Friday, May 24, 2013

Guest Blog by Debra Rosenman


The photo's of Etaito and Gari are courtesy of John Debenham. The photo's were taken at a half way house in Goma, DRC. All the babies were taken away from their mothers, and five of them were at this halfway house for a few months.


I met Debra at a symposium on Chimpanzees in Wichita, KS, some years ago. She told me about the book she was working on. Hurt Go Happy had been out a couple years by then, so we had interests in common. Her dedication to revealing the crimes humans have committed against our nearest relatives in the animal world deserves to be seen. Perhaps you will join me in supporting her effort. GR



I have been working on a book called The Chimpanzee Chronicles: Spellbinding Stories from Behind the Bars, since 2007 and it is ready to be birthed into the world! 

The Chimpanzee Chronicles takes you behind the bars for a glimpse into the hidden worlds and real lives of captive chimpanzees. This unique anthology of twenty-six stories from around the globe exposes the veiled worlds of biomedical lab research, the entertainment industry, and exotic pet trade. While the narratives bear witness to the injustice, exploitation and heartless treatment of captive chimpanzees, the book isn’t only about suffering; it’s also about strength, hope, and compassion. All is revealed through the eyes, ears, and hearts of the chimpanzees and their human caregivers.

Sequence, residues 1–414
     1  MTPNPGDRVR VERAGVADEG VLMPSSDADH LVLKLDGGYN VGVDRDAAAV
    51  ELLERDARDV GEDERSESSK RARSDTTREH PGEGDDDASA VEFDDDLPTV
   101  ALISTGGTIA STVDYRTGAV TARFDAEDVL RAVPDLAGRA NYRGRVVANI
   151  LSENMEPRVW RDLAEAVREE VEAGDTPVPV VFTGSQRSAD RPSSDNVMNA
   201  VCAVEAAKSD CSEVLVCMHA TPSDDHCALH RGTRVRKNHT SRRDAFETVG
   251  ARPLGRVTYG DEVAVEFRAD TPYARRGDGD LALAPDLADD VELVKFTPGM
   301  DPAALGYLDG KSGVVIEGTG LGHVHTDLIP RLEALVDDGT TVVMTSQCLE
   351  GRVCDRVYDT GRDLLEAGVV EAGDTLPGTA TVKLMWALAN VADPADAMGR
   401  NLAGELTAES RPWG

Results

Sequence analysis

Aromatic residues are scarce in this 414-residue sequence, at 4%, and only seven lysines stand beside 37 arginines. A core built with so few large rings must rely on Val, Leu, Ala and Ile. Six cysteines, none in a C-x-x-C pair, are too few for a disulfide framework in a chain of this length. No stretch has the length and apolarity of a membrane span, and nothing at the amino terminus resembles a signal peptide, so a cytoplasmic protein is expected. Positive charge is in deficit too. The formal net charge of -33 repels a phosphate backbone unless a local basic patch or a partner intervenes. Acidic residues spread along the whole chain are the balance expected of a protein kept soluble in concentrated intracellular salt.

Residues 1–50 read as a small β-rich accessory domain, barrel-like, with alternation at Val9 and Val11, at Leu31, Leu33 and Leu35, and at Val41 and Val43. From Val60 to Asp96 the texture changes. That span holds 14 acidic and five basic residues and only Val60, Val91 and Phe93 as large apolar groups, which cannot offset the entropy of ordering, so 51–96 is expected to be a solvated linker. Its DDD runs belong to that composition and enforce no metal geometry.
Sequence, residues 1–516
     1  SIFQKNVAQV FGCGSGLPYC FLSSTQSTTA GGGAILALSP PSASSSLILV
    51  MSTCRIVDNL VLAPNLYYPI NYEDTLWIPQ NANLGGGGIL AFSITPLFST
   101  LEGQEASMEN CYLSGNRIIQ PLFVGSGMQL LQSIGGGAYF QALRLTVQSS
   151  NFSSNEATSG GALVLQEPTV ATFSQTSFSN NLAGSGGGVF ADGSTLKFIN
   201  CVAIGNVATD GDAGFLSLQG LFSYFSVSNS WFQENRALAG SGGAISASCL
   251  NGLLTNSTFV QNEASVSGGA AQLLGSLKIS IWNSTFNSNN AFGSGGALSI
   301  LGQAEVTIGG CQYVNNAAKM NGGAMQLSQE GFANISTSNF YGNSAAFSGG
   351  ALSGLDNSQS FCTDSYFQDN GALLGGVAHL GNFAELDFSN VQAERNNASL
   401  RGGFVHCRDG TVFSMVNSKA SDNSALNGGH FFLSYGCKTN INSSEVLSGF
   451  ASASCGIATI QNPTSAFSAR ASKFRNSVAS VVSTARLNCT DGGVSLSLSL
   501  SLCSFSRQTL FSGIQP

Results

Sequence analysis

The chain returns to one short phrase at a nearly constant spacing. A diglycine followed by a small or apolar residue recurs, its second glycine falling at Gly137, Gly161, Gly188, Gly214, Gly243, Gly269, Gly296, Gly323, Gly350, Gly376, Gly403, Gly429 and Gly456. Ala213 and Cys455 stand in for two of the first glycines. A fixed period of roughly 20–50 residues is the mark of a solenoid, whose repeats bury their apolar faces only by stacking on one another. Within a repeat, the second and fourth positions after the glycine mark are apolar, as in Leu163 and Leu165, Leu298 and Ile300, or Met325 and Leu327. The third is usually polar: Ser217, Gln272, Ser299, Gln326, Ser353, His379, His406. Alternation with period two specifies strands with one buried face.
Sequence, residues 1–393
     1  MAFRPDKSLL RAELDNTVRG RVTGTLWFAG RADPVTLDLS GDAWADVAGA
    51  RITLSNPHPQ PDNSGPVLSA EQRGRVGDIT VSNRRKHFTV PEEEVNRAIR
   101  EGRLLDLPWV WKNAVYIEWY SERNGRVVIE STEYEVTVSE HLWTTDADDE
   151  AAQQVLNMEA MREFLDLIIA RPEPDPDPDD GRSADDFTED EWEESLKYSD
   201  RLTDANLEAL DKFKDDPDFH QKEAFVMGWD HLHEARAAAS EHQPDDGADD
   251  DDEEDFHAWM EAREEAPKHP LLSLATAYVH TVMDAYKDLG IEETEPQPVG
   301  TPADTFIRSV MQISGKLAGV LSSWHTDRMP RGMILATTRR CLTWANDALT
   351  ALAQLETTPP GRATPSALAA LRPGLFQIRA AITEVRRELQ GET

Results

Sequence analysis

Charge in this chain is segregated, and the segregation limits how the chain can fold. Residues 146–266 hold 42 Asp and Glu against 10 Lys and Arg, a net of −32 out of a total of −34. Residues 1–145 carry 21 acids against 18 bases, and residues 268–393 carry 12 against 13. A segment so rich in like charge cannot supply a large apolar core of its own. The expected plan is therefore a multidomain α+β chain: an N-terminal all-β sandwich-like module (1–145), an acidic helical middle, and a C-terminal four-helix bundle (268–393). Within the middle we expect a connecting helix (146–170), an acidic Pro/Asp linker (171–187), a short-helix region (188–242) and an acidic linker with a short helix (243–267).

Some stories will shock you, some will amuse you, but all will open your heart to reconsider our relationship with these highly intelligent and sensitive beings.
  
We are beginning to recognize the exploitation of chimpanzees in our country, and the suffering they have endured. It’s time for us, as individuals and a nation, to stand together and say, “No more. What can we do for them?”

I have put my heart and soul into this book, and I am proud to be one of many voices speaking out for captive chimpanzees! The stories in The Chimpanzee Chronicles are about chimpanzees, but monkeys and orangutans are part of some of the narratives as well.

Here's a sneak peak-a few paragraphs from three different stories!

From Jen Feuerstein/ Sanctuary Director at Save the Chimps
Hand in Hand: Remembering Rhett


Another practice at Yerkes that really bothered me was the baby monkeys taken away from their  moms on the day they were born, for research. They would stick them in a light-tight black box because they were going to the Main Center where all the  hard-core biomedical research was happening. The babies would then be fitted with prism, contact lenses or goggles, to manipulate their sight and the input of light into their eyes, in order to see how that affected eye development.

The lead investigator for this study did a presentation on the project and they said part of the reason this work was so important was because there was a high incidence of nearsightedness in children in Thailand. The logic of this escaped me. I am nearsighted and I have treatment for it. It seemed to me that perhaps the money they were spending on doing this to baby monkeys would be better spent on providing eyeglasses for children in Thailand.